In December 1982 Derick and Sylvia Schofield, landlord and landlady of the Clothier’s Arms, decided to part with their collection of 700 ex- juke box singles which covered every variety of pop music from the mid- sixties. They were auctioned off and the sale was very well attended and just over £70 was raised with the proceeds going to the scout group to help their funds.
The Huddersfield Examiner printed the following photo in November 1983. It shows Derick and Sylvia Schofield and customers in the Clothier’s Arms. The licensee, Derick Schofield, was born and brought up in Netherthong and had run the pub since 1966. In his youth he played for the village football team and said that at that time there was a football field and tennis courts where the Netherfield estate now stands. He helped rebuild the local football team 10 years ago and it had since grown to three teams.They met at the pub but played their home matches at a football field in Thongsbridge, In 1981 in recognition of their community work he and his wife earned them the village’s nomination for a Brewer’ Society Local Life Award.
The photograph below shows the Rev.John Capstick outside the Cricketers in disguise.
Apparently the occasion for the above festivities was the Queen’s Jubilee in June 1977. Steven Gledhill, a plumber and a well know local character, dressed up as the vicar and John Capstick reversed roles.
Below are three photographs with an age difference of 119 years all featuring the Clothiers. The first photograph is one of the earliest photos taken in the village and shows a line of villagers ready to celebrate the Jubilee in 1887. The second is titled ” a group of villagers set off in a char-a-banc on a big adventure from The Clothiers”. Date is not confirmed but likely to be the 1930s. The third is dated 15 September 2000 and shows the athletes passing by the Clothiers.
The following photograph shows the barn adjacent to the Clothier’s Arms which would have been used for a large range of activities.
Below are two interesting comments by inhabitants about the role of the public houses in the village.
The first is by Mrs. DB. “ The Clothiers was the centre of village life. My father spent all his social life there, much to the wraith of my mother who was a strict Methodist. I was brought up to regard it as a den of iniquity and was very nervous when I first crossed the threshold to collect the infant granddaughter of the landlady for the day. Every Autumn a Harvest festival was held in the pub, the fruit and vegetables were sold and the proceeds donated to the annual school feast funds. My mother was only persuaded to play the hymns there when she was told the vicar would be present. However I was not allowed in. “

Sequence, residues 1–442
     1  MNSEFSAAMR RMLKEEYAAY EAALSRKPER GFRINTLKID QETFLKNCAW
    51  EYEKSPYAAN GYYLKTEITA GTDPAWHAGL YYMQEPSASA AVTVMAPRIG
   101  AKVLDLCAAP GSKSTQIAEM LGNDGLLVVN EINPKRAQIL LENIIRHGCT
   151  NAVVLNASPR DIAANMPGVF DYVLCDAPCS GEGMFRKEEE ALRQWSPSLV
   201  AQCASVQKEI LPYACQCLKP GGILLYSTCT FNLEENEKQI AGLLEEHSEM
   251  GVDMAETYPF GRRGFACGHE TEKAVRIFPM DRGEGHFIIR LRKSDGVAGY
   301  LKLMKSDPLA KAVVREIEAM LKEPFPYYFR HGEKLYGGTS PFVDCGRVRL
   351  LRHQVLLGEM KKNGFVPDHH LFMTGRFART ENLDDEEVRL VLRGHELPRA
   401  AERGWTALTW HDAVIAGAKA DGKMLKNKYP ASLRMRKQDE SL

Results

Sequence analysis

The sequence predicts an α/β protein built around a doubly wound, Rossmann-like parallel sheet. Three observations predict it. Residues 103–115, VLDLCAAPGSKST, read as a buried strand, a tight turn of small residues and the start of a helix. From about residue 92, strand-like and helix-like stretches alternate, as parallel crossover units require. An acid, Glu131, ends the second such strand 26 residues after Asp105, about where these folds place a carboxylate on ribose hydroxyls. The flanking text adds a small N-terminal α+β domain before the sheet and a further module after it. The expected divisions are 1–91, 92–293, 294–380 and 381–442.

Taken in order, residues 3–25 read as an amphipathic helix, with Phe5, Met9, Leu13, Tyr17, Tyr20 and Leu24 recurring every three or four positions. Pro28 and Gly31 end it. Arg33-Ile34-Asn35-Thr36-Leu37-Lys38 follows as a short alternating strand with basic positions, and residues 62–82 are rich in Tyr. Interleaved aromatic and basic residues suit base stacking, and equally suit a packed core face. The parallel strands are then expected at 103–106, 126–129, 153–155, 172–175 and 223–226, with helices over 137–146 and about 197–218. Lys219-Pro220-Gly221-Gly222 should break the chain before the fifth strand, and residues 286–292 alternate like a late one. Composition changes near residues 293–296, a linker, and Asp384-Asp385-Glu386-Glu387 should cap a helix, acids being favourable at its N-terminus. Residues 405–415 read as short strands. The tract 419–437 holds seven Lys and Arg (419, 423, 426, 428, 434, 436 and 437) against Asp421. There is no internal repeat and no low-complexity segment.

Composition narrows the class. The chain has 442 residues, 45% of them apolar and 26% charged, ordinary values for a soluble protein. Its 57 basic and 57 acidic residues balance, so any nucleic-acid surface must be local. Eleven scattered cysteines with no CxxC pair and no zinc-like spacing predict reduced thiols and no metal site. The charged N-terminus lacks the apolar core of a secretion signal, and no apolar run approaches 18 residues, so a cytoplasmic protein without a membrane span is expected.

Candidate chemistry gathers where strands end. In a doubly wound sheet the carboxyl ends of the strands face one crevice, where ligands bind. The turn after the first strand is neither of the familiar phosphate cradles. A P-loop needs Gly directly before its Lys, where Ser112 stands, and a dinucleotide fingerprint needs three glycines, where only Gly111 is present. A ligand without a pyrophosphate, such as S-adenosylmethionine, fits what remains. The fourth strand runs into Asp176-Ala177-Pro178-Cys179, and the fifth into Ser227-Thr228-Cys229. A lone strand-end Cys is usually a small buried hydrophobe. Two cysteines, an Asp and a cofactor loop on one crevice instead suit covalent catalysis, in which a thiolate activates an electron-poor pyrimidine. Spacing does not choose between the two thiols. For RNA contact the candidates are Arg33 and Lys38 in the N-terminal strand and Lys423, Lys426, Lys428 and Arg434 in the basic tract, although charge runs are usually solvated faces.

The second is by ML whose memory is of “ a tradition of hymn singing on Sunday nights at the pub in Deanhouse. I went there in the mid-60s and they had all the words to the hymns written on large oilcloths so that everyone could join in. The atmosphere seemed to be more about singing than having a religious slant and, indeed in my parent’s generation, the churches and chapels were the basis of most of the social activity, in particular the choir. I only went to the pub there to capture something I’d heard about, having been brought up not to go into pubs – they were more the affair of the working man.”
April 28 2015 was definitely a Red Letter Day for Netherthong and the Clothiers when The Bengal restaurant opened its doors in the left hand side of the pub where the pool table used to be located. It is very tastefully decorated, creating a good ambience and the menu is extensive covering Bengal Specialities, Tandoori Dishes plus the Old Favourites. The head chef is Ali , originally from Bangladesh , who is well known and respected in the area and mixes all his own spices to his own secret recipes. The Head Waiter, Maz, is equally well known in the area. My wife and I visited for the first time at the beginning of May 2015- she had a fish Coconut Curry and I had the Tandoori Mix Delight. As Arnie says – ” we will be back” – many times. The Bengal celebrated its first anniversary in April 2016 and has proved to be a success.
And now for a piece of trivia : In 1960 there were 500 ‘Indian’ restaurants in the UK and by 2015 this had increased to 2015 with some 65% of them are actually owned and run by Bangladeshis. By far and away the most the most popular dish, with 14.2% of the market, is Chicken Tikka Masala which ,on googling, I found was ‘invented ‘ in Glagow !!. The phrases ” do you want Indian tonight ?” and ” going out for an Indian ” are now part of the vernacular.